When we emulate Klal Yisroel’s ‘husband,’ Hashem, in our roles as husbands in our own marriages, our wives will naturally trust, love, and gladly accept us as her king, too.
That is, once she knows that her husband:
- Truly wants to treat her well and he doesn’t look at it as a ‘bother.’
- That he doesn’t neglect her; he’s never ‘too busy’ to make her needs a high priority.
- That he’ll exert himself to the fullest for her and won’t ‘jump ship’ when the ‘going gets tough.’
- That he understands her well enough to give her what she really needs, with no ulterior motives or ‘projections.’
- That he continues to give to her at all times; never ‘turns his back’ on her.
- That he ‘owns’ the responsibility to make sure her needs are met. He won’t ‘pass the buck’ or play the ‘blame game.’
- That he doesn’t ‘keep score.’ He gives without demanding anything back.
A husband like that is royalty in his wife’s eyes, someone she can genuinely love, respect, and accept upon herself as her king.
WHAT WOULD HE DO?
Every marriage, even the best, has their less than perfect moments, when our wives don’t live up to our hopes or expectations. This is when the ‘king’ of the marriage can truly reveal his royalty and earn her deep respect and love, or ch’v’sh fall into the trap of reacting like a despot with all that it entails.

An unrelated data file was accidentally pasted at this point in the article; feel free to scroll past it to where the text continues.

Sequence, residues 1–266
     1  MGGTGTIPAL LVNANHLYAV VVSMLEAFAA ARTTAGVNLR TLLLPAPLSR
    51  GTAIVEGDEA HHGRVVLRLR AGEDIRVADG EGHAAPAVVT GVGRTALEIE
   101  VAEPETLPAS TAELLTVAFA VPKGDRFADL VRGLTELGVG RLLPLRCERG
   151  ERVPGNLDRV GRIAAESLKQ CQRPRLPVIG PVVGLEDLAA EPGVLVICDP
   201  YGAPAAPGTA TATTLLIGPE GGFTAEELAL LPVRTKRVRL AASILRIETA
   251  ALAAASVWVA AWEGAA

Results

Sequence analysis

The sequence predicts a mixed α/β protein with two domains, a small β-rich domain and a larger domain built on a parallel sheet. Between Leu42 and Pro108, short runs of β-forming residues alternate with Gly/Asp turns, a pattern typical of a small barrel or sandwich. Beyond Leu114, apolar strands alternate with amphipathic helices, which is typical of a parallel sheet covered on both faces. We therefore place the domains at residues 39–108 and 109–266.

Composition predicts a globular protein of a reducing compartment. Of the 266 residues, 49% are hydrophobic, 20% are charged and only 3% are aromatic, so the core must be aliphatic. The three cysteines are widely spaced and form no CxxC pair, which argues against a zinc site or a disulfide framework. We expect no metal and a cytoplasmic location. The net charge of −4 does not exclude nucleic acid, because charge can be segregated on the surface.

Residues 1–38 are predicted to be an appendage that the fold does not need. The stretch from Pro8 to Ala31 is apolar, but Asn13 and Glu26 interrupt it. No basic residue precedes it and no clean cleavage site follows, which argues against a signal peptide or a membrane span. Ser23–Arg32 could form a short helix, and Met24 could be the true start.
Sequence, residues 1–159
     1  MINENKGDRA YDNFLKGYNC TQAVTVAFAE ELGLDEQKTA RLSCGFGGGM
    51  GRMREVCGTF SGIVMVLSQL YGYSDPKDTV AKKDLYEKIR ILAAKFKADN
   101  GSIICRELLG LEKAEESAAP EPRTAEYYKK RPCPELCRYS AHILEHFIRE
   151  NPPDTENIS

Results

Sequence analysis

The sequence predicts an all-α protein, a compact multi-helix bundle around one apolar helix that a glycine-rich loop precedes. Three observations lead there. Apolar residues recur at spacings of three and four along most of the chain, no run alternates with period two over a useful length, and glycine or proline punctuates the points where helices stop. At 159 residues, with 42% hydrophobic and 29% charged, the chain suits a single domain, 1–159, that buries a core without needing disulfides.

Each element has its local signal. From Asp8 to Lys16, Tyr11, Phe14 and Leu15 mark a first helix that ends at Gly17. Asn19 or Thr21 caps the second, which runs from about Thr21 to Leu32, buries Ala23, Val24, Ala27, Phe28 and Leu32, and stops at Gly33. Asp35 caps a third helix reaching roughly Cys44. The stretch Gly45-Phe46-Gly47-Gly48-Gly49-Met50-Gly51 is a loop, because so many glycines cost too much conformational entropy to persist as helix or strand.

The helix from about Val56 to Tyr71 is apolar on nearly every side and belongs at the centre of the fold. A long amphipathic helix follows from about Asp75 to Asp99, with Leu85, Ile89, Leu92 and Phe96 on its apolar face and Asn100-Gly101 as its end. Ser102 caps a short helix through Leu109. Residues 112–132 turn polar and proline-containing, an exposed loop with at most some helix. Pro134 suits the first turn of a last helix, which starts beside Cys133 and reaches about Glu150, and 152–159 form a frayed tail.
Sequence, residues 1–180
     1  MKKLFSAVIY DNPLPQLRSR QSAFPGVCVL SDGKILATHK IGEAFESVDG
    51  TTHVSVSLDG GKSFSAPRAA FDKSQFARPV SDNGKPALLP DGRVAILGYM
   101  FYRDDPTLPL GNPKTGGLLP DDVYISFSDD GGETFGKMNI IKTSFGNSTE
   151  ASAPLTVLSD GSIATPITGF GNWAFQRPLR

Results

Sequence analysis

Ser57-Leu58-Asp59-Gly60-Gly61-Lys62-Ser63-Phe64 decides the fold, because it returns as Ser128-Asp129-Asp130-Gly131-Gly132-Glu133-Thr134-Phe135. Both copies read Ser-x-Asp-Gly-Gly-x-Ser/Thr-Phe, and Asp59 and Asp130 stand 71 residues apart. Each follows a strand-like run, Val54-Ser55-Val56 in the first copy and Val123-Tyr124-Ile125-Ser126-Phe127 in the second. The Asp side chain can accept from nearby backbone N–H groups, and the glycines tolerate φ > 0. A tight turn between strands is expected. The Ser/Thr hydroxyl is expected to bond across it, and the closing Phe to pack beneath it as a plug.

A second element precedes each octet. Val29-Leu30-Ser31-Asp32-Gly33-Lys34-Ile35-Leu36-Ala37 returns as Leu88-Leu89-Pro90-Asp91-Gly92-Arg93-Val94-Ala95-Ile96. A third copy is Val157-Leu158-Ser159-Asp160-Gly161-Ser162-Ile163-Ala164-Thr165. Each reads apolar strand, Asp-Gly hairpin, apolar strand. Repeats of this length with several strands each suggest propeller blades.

Again, we take our cue from the ‘Ultimate Husband and King’ of the Jewish People, Hashem, and learn from how He reacts when His ‘wife’ falters. It just takes one look at Hashem’s middos of rachamim as brought in the Chumash (Shemos 34:6-7, see Rashi and Sifsei Chochomim) and in Tanach (Micha 7:18-20, see sefer Tomer Devorah) to see just how patient, loving, and forgiving a kingly husband should be.
SECRETS TO A HAPPY MARRIAGE
As good husbands as we might already be, we know we’re far from perfect. But there was a perfect, prototypical man, made directly by Hashem – Odom (Adam) HaRishon. His marriage to Chava (Eve), the first and archetypal woman, is recorded in the Torah in Parshas Bereishis (Genesis) not merely as history, but to give us a model of what it truly means to be a ‘king’ of a man, the nature of a woman, and the secrets of a sublime, successful marriage.
Let’s look at a number of these secrets – these ‘Bereishis (Genesis) Principles’, as we’ll call them (or BP’s for short) that clearly illustrate the essential characteristics of a man, and how that knowledge can bring him true peace, happiness, and satisfaction in his relationship with his wife.
BP# 1: REIGNING BY REMOTE CONTROL